The stoppage in play after the 3-0 allowed Fischer to get the double substitution he had been preparing on the sidelines in. The plan was clear enough. Kevin Behrens and Cedric Teuchert would enter for Awoniyi and Öztunali and Awoniyi. As has often been the case, Kruse would then slide back in behind two fresh strikers.
Lineup—FC Union Berlin—56th minute (3-5-2)
A strong play when trailing by two goals. Naturally, Fischer didn’t plan to be behind by three when the reformat settled. As it turned out, we didn’t get a chance to see it settled. Immediately after the double switch, Witsel took Behrens off his feet in the penalty area. After a VAR review, a spot kick was awarded.
Match Flow: 57th to 81st minute
Kruse duly converted in the 58th and suddenly Union had a lifeline. Fischer didn’t hesitate to ready his next set of substitutions. This was truly a two-phase-plan. The FCU trainer wanted his double stack in place with a fresh set of close supporting strikers before the match was out. Hosts and guests traded a series of corner kicks between the 59th and 61st.
Kobel collected his with ease. Rose’s BVB nearly scored off a very nice design on theirs. Dahoud and Bellingham played a one-two off a short corner before working to a wide open Reus, who in turn finished just over. Kobel came out to intervene again after Teuchert slipped past Witsel one minute later.
After a brief lull, Dahoud nearly saw himself clear in the 65th. Only a heavy touch precluded him from having a clear path to the net. While Reus protested for a penalty after a hard Baumgartl challenge in the 66th, Ryerson tore through on a right-sided counter. A quick combo involving Kruse and Teuchert saw Ryerson get the ball back, but the finish had just a tad too much power to it.
Union started to pour numbers forward and the BVB was forced to retreat. Hummels cleared a perilous Gießelmann cross in the 70th. Witsel only just got to a Kruse corner one minute later with Prömel lurking and ready to pull the trigger. Fischer’s next sub saw Genki Haraguchi replace Rani Khedira in the 72nd. Rose responded with his first change, Marius Wolf for Malen in the 73rd.
A few fouls allowed matters to calm down a bit further between the 74th and 75th. The rejuvenated FCU ranks got off another counter in the 75th before Rose’s men were able to re-establish the keep away game. Everyone took their time getting some fresh air into their lungs during Fischer’s next double sub in the 77th.
This was intense stuff. Deep breaths were visible from all the actors as Kruse and Baumgartl strolled off the pitch. Genki Haraguchi and Andreas Voglsammer were the two attacking additions. At this point, it became straightforward that we’d see the so-called “double stack”.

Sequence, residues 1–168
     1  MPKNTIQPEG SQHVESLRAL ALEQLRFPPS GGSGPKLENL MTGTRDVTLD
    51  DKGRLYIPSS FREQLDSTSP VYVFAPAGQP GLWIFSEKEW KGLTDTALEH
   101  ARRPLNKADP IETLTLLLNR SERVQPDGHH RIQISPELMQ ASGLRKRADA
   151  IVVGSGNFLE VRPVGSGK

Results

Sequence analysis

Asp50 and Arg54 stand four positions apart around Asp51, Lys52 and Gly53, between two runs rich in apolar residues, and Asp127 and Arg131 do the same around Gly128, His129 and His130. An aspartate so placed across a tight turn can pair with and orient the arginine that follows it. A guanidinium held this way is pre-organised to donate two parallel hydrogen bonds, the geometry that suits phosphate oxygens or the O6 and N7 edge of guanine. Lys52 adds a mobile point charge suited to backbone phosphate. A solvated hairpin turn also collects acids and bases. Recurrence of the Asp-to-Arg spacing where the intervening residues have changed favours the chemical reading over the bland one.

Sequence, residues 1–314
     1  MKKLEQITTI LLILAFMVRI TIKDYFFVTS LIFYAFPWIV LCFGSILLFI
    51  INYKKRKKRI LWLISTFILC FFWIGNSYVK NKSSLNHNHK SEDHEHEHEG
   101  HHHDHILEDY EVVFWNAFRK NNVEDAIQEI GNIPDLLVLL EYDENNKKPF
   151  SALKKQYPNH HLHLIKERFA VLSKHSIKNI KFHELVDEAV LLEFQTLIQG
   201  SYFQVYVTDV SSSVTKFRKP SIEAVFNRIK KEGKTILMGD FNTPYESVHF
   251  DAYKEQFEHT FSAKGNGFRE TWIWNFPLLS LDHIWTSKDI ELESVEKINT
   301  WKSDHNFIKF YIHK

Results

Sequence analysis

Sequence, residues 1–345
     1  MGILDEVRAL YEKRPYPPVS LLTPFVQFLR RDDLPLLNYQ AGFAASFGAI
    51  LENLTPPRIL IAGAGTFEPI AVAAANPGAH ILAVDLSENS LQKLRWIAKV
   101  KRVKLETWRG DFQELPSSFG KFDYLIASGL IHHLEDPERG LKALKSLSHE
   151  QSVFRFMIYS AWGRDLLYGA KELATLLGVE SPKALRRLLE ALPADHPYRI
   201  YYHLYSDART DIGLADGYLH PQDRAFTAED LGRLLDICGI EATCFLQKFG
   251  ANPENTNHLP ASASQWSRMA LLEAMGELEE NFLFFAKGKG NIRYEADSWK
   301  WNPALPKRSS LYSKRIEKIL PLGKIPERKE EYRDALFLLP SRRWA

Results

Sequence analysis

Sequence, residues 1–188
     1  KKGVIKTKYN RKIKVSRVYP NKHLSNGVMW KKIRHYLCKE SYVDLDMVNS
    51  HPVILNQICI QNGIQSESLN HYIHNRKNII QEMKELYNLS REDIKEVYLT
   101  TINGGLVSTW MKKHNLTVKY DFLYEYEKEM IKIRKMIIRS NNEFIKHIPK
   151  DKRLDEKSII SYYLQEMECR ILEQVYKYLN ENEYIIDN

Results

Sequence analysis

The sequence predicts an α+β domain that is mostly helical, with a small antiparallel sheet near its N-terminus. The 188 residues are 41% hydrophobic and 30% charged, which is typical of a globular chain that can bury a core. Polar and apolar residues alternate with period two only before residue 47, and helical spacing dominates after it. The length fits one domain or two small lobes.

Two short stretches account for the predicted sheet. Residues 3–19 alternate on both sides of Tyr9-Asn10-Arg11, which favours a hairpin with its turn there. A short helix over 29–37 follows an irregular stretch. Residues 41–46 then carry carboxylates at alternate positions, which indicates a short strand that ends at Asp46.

Lineup—FC Union Berlin—78th minute (3-5-2)
There it is. Just like last year, it’s always a threat if Fischer doesn’t use it from the start. Club sporting director Oliver Ruhnert has done a fantastic job of ensuring that the roster is stacked with strikers to make this work. It very nearly did this time. Rose clearly had ten of his original XI actors in full “milk the clock” mode.
Haraguchi, Endo, and Teuchert did a fantastic job earning a corner in the 80th. Gießelmann swung in a beauty. Voglsammer rose higher than the exhausted Meunier to head home. Unbelievable. Wonderful stuff. A one-goal game with nine minutes remaining.
Match Flow: 81st minute to full-time
We writers had our narrative. It was an all too easy and familiar one as well. Just as this chronicler was scribbling down something about Dortmund’s passivity being punished by the gritty underdogs or something to that effect, Erling Haaland opted to deliver a grand “f*** you and your story” to all of us. Two minutes after Voglsammer pulled Union back within range, a play this columnist doesn’t feel worthy of describing transpired.
Watch it for yourself. Watch it again and again. Hummels’ long ball for the Norwegian super striker was good, but not the most precise. Haaland pulled it out of midair with those (some of us are now convinced) mechanically extendable legs of his and then volleyed it home with a damned rainbow arc. Damn. Wow. Hell with the story. That’s football at its finest.
As if anything after that mattered, Reus actually hit the post three minutes later. Rose ran the clock down with the rest of the substitutions we wondered if he forgot that he was allowed to use. This BVB team has just dusted off two very worthy opponents in the last two rounds. That’s much more than one can say for the defending champions, who took advantage of a Leipzig team in disarray and played…well…played Bochum.
Apart from the fact that this was just an incredible football match on so many levels, the short version of lessons to be learned regarding both teams bode well for two sides. As pertains to Dortmund, those who declare the title race on ice are categorically wrong. Regarding Union, maybe the assumption we all made about low league expectations is false as well. Fischer’s Irons could finish top seven.
Thanks so much for reading! You can occasionally catch Peter goofing off while watching the lower German football divisions on twitter, @ViceytheSS.
Twitter DMs are open for football conversations, corrections, and (if you truly insist) general abuse.
All columns debut on Bulinews before appearing on Peter’s website later in the week.